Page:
You’ll also see some examples of how to write assumptions about a situation. 

When you’ve finished listening to the podcast, feel free to practice what you’ve learnt by making some guesses about your life.



4. Past continuous

The past continuous is often used along with the past simple to refer to the interruption of an action. It’s also used to talk about an uncomfortable situation or event that was happening in the past.

In the following podcast, you’ll hear a conversation between friends where the use of past continuous vs. past simple is highlighted. 

Do you know how to use the expressions when and while in these tenses? You’ll find the answer in this podcast.



5. How to use going to

We use going to to talk about events that you planned in advance or that you’re expecting to do. 

You can also use going to to predict something, based on visible or tangible evidence that you have at the time of speaking.

Listen to the podcast and learn the correct structure for going to (affirmative and negative).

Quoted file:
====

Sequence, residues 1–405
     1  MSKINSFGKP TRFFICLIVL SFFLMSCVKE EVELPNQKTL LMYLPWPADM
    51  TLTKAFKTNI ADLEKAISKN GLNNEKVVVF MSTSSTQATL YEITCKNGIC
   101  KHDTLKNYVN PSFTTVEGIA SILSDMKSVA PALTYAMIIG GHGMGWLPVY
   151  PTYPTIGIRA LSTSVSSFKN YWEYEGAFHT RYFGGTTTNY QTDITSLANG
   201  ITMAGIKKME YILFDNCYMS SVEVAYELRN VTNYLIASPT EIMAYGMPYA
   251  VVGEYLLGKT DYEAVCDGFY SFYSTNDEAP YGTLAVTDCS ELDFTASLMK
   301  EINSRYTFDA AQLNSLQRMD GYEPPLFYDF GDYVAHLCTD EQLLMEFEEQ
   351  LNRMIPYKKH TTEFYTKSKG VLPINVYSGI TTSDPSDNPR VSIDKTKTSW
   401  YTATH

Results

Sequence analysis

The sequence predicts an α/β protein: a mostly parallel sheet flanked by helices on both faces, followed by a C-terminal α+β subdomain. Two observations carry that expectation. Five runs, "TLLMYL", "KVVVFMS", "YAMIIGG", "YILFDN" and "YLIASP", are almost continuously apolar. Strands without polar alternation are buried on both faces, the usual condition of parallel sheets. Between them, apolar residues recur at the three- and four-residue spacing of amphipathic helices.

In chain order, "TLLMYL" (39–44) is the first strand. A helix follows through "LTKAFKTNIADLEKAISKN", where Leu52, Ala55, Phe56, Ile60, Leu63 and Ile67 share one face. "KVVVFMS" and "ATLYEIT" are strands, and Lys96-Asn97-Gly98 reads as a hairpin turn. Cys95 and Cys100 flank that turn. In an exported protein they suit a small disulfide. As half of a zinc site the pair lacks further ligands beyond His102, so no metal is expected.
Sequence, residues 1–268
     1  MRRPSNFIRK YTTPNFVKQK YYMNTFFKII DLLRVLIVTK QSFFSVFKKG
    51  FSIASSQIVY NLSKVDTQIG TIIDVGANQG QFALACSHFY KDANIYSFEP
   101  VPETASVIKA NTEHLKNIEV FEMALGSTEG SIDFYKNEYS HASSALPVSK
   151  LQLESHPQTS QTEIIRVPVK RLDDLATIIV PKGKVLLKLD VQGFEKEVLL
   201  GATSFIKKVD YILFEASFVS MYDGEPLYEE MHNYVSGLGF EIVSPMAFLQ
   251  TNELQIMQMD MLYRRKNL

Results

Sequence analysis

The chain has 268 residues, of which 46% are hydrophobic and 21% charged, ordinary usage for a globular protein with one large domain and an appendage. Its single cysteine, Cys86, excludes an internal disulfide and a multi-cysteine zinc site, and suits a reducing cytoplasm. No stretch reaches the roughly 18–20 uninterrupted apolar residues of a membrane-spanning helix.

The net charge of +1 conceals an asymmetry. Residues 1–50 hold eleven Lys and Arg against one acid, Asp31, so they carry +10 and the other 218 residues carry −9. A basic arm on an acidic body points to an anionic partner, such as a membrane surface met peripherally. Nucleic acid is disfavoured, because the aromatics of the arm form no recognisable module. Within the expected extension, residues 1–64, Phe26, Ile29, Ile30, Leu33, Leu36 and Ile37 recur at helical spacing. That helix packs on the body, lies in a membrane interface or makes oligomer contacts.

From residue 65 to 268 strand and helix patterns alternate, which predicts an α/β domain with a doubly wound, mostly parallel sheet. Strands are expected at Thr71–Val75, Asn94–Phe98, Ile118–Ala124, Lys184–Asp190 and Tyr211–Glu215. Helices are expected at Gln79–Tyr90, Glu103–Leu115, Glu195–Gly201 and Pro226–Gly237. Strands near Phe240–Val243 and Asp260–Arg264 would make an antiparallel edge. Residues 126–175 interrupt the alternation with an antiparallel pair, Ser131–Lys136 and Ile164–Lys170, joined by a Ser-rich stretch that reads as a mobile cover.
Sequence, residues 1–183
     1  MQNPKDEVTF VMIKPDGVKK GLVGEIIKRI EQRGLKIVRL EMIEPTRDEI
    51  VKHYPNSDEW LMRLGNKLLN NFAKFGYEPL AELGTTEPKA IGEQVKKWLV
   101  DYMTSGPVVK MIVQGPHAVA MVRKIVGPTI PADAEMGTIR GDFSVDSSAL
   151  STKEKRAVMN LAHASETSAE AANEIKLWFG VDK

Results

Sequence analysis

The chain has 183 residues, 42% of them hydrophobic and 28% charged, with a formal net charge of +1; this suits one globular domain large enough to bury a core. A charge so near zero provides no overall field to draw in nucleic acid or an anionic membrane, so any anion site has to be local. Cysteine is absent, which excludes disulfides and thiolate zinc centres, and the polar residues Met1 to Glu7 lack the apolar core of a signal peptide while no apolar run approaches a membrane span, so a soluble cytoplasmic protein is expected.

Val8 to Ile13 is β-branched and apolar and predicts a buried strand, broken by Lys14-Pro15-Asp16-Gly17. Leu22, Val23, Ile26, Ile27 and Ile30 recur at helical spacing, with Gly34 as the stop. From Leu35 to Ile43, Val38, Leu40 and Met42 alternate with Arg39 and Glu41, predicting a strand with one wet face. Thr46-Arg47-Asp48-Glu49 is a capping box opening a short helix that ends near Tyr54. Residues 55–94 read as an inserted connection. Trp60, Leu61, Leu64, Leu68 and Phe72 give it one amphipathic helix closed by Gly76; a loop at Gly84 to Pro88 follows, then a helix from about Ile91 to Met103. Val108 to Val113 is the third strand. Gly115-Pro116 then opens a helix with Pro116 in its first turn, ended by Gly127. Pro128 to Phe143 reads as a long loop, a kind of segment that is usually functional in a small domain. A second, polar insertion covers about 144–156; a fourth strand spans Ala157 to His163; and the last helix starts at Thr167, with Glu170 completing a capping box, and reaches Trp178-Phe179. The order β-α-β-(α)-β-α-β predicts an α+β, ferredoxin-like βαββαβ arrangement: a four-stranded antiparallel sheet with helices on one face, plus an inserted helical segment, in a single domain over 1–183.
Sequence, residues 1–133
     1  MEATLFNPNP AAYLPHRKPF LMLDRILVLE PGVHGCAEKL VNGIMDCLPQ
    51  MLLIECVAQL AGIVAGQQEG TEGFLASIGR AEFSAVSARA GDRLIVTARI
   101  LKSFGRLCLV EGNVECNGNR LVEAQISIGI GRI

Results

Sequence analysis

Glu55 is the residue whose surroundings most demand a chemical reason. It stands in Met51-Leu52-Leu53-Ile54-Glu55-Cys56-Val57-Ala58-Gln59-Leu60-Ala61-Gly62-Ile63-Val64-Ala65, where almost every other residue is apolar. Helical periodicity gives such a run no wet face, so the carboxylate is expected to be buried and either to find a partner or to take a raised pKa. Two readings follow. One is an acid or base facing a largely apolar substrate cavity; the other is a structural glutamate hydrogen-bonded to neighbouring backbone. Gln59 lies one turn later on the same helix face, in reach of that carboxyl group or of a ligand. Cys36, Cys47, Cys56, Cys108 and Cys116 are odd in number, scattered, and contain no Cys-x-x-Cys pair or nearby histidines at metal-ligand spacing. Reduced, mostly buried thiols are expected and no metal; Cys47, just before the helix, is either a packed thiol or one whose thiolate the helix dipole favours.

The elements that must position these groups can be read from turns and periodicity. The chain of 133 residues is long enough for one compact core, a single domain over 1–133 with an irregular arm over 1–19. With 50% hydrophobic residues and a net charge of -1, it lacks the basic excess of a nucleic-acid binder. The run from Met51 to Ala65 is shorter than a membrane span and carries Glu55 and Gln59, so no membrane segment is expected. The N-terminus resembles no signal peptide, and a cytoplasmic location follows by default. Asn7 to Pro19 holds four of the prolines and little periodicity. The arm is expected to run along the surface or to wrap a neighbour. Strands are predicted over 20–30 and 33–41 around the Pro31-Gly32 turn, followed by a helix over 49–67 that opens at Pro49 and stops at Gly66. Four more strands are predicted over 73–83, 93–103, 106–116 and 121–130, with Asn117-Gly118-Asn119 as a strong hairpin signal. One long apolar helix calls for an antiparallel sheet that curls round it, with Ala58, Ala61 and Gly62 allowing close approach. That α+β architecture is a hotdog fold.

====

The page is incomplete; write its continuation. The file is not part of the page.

Also, you’ll hear a practical conversation between Chris and Stacy about their plans for their upcoming holidays. Can you tell when and where each one is going on holiday?



6. Present simple

Sometimes simple tenses aren’t as simple as they seem.

Some students get stranded here and give up on the learning process. Don’t let that happen to you! We recommend that you practice and stay consistent if you really want to get ahead in any language.

In this podcast, you can listen to a conversation in the present simple between Robert and María, about a trip to Barcelona. What happens? With this example, you’ll be able to review different aspects of this verb tense in greater detail.



7. Present perfect continuous

Keep in mind that the perfect present continuous, even though it corresponds to the present, begins in the past.

While listening to the podcast, apart from the grammatical structure, pay special attention to the use of the words since, for, still, recently, and lastly, which will help you build your sentences in this tense more effectively.



8. Future perfect